“We want to bring an end to mass imprisonment,” clamours the Realidade Visceral(Visceral Reality) campaign launched by this network bringing together several human rights organisations.

The aim behind the device and the meeting with Emerson is to give people real insight into the inhumane conditions. The participants emerge from the experience visibly moved. The message has a greater impact than the figures alone.

Yet the figures themselves are already alarming. There are almost 667,000 prisoners in Brazil, including 24,000 children and adolescents. It is the fourth-largest prison population in the world. The problem of overcrowding in Brazil’s prisons is growing worse every year, with the average occupancy rate reaching 167 per cent in 2017.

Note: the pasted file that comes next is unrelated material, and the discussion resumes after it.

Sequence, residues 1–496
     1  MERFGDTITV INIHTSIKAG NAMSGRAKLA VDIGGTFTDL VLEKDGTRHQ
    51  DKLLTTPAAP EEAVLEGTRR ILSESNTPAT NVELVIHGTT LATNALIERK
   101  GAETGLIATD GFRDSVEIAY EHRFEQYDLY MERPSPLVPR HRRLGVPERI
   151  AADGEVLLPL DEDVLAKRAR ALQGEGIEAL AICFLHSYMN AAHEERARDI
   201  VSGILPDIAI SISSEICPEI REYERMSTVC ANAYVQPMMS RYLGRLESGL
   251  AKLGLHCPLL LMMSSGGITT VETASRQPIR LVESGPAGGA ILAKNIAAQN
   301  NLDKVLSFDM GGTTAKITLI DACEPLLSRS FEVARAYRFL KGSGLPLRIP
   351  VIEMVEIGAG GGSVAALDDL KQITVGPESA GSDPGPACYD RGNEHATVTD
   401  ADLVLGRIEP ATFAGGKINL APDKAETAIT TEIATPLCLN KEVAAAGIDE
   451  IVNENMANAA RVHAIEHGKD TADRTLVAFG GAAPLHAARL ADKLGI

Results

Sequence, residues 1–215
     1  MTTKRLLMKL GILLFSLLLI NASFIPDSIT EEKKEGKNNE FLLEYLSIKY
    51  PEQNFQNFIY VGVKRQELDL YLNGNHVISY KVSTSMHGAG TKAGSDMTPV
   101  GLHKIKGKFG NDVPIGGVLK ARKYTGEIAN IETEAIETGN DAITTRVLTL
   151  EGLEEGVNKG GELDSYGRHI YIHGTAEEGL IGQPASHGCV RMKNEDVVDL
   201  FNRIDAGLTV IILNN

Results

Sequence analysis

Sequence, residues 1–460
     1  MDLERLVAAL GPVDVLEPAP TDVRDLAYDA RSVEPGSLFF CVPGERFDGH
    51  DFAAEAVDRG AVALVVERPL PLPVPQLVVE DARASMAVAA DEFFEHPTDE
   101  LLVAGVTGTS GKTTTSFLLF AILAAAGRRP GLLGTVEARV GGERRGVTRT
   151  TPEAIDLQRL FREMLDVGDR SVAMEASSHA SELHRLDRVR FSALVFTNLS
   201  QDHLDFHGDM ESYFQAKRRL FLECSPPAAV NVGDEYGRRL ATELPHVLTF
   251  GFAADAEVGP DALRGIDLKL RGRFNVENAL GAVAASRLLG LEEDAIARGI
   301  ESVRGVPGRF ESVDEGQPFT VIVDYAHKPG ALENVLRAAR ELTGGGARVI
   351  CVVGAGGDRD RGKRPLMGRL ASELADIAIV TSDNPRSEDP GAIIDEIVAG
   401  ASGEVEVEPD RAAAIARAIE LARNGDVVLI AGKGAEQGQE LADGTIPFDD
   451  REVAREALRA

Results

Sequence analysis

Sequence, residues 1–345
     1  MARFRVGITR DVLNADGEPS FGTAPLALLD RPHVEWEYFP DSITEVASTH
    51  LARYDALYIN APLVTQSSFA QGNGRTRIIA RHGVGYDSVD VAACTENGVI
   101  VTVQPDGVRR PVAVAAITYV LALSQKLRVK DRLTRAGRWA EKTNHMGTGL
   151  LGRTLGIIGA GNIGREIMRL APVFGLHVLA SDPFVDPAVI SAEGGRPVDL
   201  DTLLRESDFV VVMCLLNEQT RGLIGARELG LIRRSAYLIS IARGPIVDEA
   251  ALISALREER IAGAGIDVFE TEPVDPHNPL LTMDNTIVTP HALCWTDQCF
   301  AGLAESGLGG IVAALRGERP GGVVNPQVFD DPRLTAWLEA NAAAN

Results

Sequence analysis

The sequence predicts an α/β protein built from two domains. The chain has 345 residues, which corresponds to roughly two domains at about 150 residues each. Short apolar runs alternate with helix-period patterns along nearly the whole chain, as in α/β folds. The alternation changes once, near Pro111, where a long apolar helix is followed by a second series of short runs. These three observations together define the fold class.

According to Human Rights Watch, the number of prisoners rose by 85 per cent between 2004 and 2014.

This mass incarceration began in the wake of a law, passed by Luiz Inácio Lula da Silva in 2006, increasing jail time for drug traffickers and leaving open the possibility of users being prosecuted as traffickers.

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“This dramatic increase clearly undermines prisoners’ fundamental rights,” underlines Père Valdir João Silveira, national coordinator of the prison pastoral care organisation Pastoral Carcerária.

This social action organisation, linked to the Catholic Church, supports prisoners who do not have access to the vital minimum, and provides them with medicine or clothing. The prison chaplains observe the overcrowding, the poor nutrition and sanitary conditions every day.

The UN recently described some Brazilian prisons as “medieval”.

Repression rather than prevention